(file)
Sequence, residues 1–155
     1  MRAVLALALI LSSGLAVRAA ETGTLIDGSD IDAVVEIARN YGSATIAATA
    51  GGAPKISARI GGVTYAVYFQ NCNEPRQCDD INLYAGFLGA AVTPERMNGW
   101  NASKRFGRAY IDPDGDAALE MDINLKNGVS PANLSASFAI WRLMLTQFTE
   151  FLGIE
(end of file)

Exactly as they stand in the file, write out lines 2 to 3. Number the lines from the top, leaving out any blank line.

     1  MRAVLALALI LSSGLAVRAA ETGTLIDGSD IDAVVEIARN YGSATIAATA
    51  GGAPKISARI GGVTYAVYFQ NCNEPRQCDD INLYAGFLGA AVTPERMNGW